When decentered theory addresses changes in the state, it does not presuppose a decline in hierarchies and a rise in networks alluded to in governance theory (Capano, 2011; Capano et al., 2015; Davies, 2000; Goetz, 2008; Holliday, 2000; Richardson, 2018; Taylor, 2000). Indeed, it offers a critique of any attempt to reify these concepts. Instead, decentered theory is interested in how the spread of new ideas and beliefs about markets and networks lead to changes in the state. Decentered theory, therefore, encourages studies of the myriad ways in which local actors have interpreted these discourses and policies, responded to them, resisted the intentions of the elites, and forged their own practices. Decentered theory highlights the importance of beliefs, practices, traditions and dilemmas for the study of public leadership in different contexts.

A decentered approach replaces formal modernist accounts of the state with a historical narrative suggesting that the currently dominant approaches to social organization embody a contingent modernist form of expertise, and that this modernist expertise is undermined by not properly allowing for its own historicity. Modernist social science inspires defenses of state planning, markets, free markets and networks. It implies that one or other of these organizational types is, at least under specified circumstances, ideally rational. By contrast, decentered theory foregrounds the inherent contingency and contestability of human activity and so the variety and unpredictability of organizations and leadership action.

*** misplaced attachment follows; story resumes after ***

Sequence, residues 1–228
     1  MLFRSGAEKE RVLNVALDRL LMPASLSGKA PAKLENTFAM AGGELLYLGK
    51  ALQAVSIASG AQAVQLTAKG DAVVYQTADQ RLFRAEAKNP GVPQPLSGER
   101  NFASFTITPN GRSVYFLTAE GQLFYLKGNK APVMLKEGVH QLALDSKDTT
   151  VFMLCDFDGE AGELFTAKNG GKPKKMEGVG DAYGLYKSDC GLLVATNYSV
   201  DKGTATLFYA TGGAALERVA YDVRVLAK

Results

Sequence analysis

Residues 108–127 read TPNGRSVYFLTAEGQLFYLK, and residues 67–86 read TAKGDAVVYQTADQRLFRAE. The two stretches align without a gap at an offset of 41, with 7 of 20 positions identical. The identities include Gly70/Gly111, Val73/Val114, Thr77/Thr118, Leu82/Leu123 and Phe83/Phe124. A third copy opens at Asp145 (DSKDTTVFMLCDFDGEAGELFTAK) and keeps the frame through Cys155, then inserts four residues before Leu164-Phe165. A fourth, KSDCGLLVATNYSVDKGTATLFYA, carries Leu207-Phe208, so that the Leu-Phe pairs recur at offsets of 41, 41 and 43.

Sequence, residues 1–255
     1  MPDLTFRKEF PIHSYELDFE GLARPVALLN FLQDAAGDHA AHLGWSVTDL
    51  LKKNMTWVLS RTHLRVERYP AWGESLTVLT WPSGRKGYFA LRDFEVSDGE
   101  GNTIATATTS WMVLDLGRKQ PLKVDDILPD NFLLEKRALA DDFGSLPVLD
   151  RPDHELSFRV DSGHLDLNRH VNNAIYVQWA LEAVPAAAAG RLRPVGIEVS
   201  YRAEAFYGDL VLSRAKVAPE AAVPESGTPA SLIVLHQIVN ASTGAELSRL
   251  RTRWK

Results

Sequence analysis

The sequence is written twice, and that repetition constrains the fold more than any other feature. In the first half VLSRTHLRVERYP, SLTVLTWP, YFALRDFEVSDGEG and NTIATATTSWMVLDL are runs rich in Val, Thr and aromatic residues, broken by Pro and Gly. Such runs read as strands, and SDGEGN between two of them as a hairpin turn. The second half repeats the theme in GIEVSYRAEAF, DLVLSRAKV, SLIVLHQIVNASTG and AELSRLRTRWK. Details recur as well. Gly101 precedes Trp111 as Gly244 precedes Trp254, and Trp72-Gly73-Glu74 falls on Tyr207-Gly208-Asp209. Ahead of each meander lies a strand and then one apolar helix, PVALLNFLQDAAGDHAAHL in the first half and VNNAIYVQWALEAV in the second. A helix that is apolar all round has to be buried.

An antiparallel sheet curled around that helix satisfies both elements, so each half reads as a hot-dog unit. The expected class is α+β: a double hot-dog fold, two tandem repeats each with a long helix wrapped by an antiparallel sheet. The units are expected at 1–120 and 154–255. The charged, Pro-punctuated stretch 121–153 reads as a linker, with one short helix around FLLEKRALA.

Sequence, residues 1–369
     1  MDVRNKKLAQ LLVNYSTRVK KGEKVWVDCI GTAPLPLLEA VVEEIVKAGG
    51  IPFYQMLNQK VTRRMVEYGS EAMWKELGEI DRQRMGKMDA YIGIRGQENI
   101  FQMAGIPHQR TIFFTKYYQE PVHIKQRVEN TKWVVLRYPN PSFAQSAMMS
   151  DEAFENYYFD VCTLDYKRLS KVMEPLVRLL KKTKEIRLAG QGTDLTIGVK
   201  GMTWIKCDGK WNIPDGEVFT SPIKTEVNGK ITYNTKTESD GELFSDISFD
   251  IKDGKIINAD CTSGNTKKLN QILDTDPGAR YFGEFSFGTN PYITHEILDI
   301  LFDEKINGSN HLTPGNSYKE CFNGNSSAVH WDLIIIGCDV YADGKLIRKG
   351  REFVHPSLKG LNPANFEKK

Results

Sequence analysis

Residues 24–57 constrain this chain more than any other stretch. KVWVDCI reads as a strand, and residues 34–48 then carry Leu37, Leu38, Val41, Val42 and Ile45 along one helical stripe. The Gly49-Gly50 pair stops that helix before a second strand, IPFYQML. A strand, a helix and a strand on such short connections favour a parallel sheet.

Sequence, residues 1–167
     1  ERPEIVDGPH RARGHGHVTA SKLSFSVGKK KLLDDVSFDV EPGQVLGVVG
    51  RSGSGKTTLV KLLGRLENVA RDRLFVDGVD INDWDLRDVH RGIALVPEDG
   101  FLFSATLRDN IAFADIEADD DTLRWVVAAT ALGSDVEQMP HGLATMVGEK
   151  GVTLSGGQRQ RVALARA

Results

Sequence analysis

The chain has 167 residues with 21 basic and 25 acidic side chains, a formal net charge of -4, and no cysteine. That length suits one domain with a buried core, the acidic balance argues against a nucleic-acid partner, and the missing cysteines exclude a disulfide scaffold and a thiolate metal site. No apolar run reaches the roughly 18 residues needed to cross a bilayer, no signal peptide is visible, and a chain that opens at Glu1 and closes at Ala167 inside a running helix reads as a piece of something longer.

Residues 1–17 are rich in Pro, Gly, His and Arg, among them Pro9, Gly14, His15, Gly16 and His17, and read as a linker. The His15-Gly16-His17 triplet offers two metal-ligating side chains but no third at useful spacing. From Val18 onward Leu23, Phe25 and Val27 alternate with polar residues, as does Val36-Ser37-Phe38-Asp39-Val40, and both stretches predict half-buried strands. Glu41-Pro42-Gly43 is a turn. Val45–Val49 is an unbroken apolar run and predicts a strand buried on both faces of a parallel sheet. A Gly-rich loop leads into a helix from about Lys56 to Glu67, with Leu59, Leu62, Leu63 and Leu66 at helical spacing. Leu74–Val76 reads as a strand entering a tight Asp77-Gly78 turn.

Consequently, decentered theory contrasts with modernist social science. It rejects projects which seek to unpack the essential properties and necessary logics of social and political life. It suggests that neither the intrinsic rationality of markets nor the path dependency of institutions properly determines the forms of state activity. It conceives of public policies as contingent constructions inspired by competing beliefs and rooted in different traditions. Decentered theory explains shifting patterns within public settings by focusing on the actors' own interpretations of their actions and practices and by locating these interpretations in historical contexts. Most fundamentally, it shifts the focus from institutions to meanings in action. In displacing institutions, it suggests the state is stateless. This account of decentered theory raises important questions for the study of public leadership in contemporary contexts. The following section sets out some of the dominant thinking guiding public leadership research and examines how decentered public leadership sits within it.

Decentering public leadership and its place within mainstream leadership theory

Though leadership is often thought to be at the heart of public administration, a series of stock-taking reviews of the field at the start of the millennium found public leadership research to be “meagre” (Kellerman and Webster, 2001, p. 485), “muted and underdeveloped” (Van Wart, 2003, p. 223), and lacking the maturity of leadership in related fields (Trottier et al., 2008). Such reviews perhaps underplay more recent public leadership research that cuts across multiple fields and disciplines (Hartley, 2018; Vogel and Werkmeister, 2021). Indeed, research on public leadership has expanded significantly in the past decade alone.

Scholars, not least in this journal, have explored public leadership as a collective (Miao and Ju, 2020; Torfing et al., 2019), multilevel (Capler, 2020), and highly relational (McClellan, 2020) endeavor. Furthermore, they have developed an appreciation of leadership as imbued with public values (Cao et al., 2018), pointing to particular ethical dimensions (Hattke and Hattke, 2019; Özsungur, 2020) of public leadership. The following discussion identifies several areas where the public leadership literature has developed over recent years and where there is some commonality and contradiction with a decentered approach, most notably:

  1. public values;

  2. narratives and storytelling;

  3. distributed and collaborative leadership;

  4. relational leadership.

Each of these aspects of public leadership is now discussed in turn.

Public values